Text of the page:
Friday, July 16, 2010
Once upon a time there was a family with ancestral roots around Grand Rapids, Michigan. They knew a few things about their ancestors, such as Delilah who, they were told, was French and from whom the brown eyes in the family came. They knew that when Grandma Porter had surgery for cancer in 1930, "they found her so full of it that they just closed her up again." And they heard it declared from time to time that bad traits in the family, for whatever reason, were attributed to someone they called Great-grandmother Wells--whoever she was.
Though the family didn't know much about their ancestors, the ancestral heritage was unusually important to them. Every year on Memorial Day, as many of the family as could gather, did—even from out of state. They would drive by the brick farmhouse and little North Chester Baptist Church that had played important roles in their family history. They visited the graves of parents and grandparents and planted flowers at the headstones. And the patriarch of the family, Grandpa Hawkins, would take off his hat, bow his head, and express a prayer of gratitude for the spiritual heritage left to the family by those who had gone before.
Come to think of it, that was an interesting twist because Grandpa's own predecessors did not leave a trail of spiritual truth for him to follow. He led his father to faith just before he died, and in all the years I knew Grandpa, he didn't have any contact with his other relatives. That makes it all the more poignant that he so much appreciated the heritage into which he married.
Then one day in 1951, one group of the extended family, on furlough from far-away Africa, paid a visit to a fairly distant family member—and a seed was planted.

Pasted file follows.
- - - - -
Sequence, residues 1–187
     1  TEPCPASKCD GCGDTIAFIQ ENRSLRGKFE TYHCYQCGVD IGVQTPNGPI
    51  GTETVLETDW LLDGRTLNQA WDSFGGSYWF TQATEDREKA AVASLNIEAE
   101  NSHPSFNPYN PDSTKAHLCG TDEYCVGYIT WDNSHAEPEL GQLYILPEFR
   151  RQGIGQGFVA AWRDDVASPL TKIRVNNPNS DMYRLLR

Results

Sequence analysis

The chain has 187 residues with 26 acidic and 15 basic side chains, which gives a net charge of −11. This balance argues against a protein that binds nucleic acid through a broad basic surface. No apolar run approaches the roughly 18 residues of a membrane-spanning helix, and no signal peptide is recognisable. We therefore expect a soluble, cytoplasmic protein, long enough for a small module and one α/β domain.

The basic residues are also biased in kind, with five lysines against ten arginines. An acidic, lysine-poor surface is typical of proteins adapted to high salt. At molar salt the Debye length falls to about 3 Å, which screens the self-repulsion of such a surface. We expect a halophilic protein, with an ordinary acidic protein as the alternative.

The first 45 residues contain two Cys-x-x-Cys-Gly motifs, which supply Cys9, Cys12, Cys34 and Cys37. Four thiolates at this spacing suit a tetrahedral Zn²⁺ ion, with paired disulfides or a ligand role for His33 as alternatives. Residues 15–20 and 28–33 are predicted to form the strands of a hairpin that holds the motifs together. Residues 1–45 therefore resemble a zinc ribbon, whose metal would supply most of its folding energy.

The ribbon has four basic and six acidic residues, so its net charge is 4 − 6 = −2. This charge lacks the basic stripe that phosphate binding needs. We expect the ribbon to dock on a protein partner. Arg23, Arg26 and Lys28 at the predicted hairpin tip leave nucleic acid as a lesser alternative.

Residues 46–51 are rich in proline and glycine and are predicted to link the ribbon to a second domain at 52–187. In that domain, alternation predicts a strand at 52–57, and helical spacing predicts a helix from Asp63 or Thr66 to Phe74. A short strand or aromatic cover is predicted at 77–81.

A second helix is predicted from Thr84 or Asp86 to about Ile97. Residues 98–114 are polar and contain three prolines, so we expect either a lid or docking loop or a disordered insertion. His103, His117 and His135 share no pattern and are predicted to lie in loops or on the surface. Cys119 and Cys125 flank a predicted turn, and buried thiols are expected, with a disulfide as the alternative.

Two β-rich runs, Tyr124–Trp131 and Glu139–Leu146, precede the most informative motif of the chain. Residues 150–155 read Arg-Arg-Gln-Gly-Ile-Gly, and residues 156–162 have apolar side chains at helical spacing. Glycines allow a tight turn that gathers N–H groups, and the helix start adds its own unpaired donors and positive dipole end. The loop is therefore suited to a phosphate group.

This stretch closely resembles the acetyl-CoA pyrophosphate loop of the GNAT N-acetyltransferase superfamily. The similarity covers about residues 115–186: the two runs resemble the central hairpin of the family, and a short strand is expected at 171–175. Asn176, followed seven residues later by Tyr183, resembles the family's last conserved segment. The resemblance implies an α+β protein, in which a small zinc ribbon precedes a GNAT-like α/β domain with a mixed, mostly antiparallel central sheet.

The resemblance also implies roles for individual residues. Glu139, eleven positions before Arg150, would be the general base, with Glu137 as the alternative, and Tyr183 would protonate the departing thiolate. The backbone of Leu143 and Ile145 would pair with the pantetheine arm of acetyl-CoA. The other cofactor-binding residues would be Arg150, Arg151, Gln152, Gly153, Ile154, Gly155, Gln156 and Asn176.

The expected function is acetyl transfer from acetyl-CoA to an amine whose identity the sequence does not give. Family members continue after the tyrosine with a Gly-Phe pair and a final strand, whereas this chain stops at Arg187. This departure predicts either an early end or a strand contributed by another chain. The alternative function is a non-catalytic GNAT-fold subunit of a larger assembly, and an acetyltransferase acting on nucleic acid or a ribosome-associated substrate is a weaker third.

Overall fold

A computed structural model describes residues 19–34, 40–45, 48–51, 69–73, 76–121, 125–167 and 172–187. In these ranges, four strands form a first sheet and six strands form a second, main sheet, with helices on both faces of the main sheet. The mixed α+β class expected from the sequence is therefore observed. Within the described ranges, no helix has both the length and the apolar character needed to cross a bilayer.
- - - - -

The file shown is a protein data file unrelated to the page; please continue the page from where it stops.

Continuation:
Beginning of Lifetime Hobby
Yes, that was my family, and I was fifteen the day we visited Guy Lockwood. He was a fellow Wells descendant, a cousin of Grandma Porter's, and a first cousin twice removed of my mother, Esther Hawkins Moneysmith. And he was a grandson of the legendary Great-grandmother Wells, who had died in 1888 when Guy was just seven.
The important thing that day was that Guy brought out and showed our family paragraphs he had copied from his grandmother’s Bible. It became clear that ancestral heritage had been important to her, too. It caught my interest enough that I copied it into a notebook. Though it would be more than a decade until, as an adult and young mother, I made my first effort to learn more about the Compton family, that exposure marked the beginning of our current family’s interest in our ancestral heritage. What a journey it has been, especially since the mid-1990s when the Internet became available!
Now, sixty years later, we know that Great-grandmother Wells, born Hannah Marie Compton, was a fine, godly woman, the youngest of eleven in a large, fascinating family. Wouldn't she be amazed to know that, more than a hundred and twenty years after her death, some of her descendants and the descendants of several of her siblings have connected with each other and continue to dig deeper into the family history—both before her and after her?
I'm going to use the above as a new introduction to the Wells page on my family-history website (www.esthersscrapbook.blogspot.com). It tells about Hannah's family--from her grandfather who had his jaw shot off in the American Revolution to tidbits like the fact that her parents had at least eighty grandchildren.